Rumors that Hosni Mubarak had died swept through Egyptian discourse over the last ten days. Unable to squelch the rumors, the Egyptian regime had to resort to releasing (fairly unconvincing) pictures of an alive Mubarak and an interview with Mubarak denying the rumors, and then went on a propaganda offensive accusing the Muslim Brotherhood of spreading the rumors in order to foster instability (it later added Hamas and "Arab media" to the list of conspirators ... and, I kid you not, according to al-Ahram is opening an official investigation into the treatment of the rumors by the opposition press).
The best commentary I've yet seen comes from Egyptian columnist Hassan Nafaa, who argued that the incredibly rapid spread of the rumor and the tenor of private discussions about the possibility that it was true carried extremely important lessons about the current state of Egyptian politics. The power of the rumor mill testifies to the lack of credibility of the official media and of the government, since Egyptians clearly did not feel that they could trust the information on offer from those sources. This is not a new story of course, since Egypt's official media have been in a state of free-fall for quite a while. But as Abdullah al-Sanawi argues this is something quite extraordinary: journalists and citizens and politicians trying to find out if their own President was live were resorting to calling foreign ambassadors. As the official media offered statements devoid of any evidence, which people simply didn't trust, the story quickly spread to the Arab satellite television stations like al-Jazeera and from there to the foreign media - but they couldn't get any reliable information out of the regime either. All in all, the episode demonstrates the dangers of a regime's lost credibility and of a corroded official public sphere.
The other dimension is more substantively political. The intensity of concern about Mubarak's fate reflects the current state of political polarization, driven by the regime's confrontation with the Muslim Brotherhood, the frustration of reform efforts after the fiasco of the Constitutional amendments, and the still inncomplete efforts to secure Gamal Mubarak's path to succeeding his father as President. The ambiguity surrounding the succession creates tremendous uncertainty: there is still no Vice President; according to Nafaa, Gamal has been increasingly behaving like an Acting President rather than a President in Waiting but hasn't yet shored up his support; nobody has a clue where the military really stands on the succession; and plenty of people are fanning the fears of a Muslim Brotherhood takeover if Mubarak goes.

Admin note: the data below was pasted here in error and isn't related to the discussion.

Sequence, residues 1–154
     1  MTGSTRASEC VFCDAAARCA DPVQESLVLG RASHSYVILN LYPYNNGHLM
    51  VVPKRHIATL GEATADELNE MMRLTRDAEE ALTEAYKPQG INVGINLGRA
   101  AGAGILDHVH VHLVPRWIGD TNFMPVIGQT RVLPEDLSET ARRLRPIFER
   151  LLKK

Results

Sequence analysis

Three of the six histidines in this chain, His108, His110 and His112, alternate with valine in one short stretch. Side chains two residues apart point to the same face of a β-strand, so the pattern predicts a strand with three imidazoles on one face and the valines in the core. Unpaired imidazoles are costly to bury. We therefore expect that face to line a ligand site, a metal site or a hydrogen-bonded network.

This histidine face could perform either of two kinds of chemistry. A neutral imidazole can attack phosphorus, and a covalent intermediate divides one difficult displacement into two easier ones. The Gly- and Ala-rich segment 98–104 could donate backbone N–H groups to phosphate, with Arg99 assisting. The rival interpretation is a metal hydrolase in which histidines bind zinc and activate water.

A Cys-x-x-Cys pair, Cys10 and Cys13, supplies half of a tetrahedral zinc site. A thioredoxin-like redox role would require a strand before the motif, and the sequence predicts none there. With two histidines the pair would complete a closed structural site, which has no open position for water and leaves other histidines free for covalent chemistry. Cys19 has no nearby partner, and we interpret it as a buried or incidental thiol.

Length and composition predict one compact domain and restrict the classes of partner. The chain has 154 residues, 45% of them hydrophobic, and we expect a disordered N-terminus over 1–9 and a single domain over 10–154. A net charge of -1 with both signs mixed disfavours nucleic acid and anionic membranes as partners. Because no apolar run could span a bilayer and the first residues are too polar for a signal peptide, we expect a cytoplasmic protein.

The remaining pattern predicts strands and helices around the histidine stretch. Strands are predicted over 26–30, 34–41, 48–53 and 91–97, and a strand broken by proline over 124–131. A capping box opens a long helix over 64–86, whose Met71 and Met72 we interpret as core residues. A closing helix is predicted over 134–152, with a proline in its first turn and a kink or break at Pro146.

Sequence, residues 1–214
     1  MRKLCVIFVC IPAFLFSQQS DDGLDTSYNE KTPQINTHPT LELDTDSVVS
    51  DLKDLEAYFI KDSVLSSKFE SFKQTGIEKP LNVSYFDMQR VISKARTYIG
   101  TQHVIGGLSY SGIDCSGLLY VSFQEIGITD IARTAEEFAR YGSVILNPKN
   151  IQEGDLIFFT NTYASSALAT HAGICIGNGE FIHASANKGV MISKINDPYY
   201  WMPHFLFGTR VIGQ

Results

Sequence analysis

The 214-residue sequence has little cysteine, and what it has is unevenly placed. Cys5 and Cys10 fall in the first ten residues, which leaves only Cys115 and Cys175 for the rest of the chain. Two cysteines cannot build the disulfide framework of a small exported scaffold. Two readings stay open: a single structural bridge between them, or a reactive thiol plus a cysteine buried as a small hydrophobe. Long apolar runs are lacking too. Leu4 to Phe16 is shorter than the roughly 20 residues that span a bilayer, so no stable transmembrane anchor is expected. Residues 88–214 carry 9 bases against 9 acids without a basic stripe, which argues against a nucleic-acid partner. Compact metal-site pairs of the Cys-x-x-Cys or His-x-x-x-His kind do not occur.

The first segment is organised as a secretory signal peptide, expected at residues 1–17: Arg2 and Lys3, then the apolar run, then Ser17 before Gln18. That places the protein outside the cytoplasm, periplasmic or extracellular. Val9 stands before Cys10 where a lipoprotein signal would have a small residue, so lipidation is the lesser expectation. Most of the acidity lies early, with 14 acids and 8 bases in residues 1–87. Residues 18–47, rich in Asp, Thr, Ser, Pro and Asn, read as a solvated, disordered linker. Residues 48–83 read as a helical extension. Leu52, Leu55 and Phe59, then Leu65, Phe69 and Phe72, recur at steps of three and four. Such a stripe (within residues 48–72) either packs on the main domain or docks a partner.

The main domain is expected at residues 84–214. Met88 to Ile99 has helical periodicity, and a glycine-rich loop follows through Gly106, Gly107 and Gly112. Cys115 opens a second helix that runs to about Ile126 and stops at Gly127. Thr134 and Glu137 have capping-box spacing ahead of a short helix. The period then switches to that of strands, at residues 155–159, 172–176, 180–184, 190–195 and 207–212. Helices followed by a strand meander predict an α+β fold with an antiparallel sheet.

This is precisely the sort of moment which political scientists studying political transitions look for - divided elites, unclear international environment, a powerful opposition movement positioning itself as a moderate alternative, widespread public discontent. Of course, that doesn't really tell us anything about what it might transition into - the teleology of 'transition to democracy' really doesn't hold up, I don't think. If Hosni Mubarak really has been incapacitated then we're going to be looking at an extremely tense transitional period, with the 'center' disappearing at the height of multiple political struggles. Even if he hasn't, the wildfire spread of the rumor and the tenor of the discussions suggest tremendous uncertainty about Egypt's political future.
UPDATE: I've just been informed that Ibrahim Eissa, the courageous editor of the independent weekly al-Dustour, has become the first journalist arrested on charges of spreading false rumors of Mubarak's death.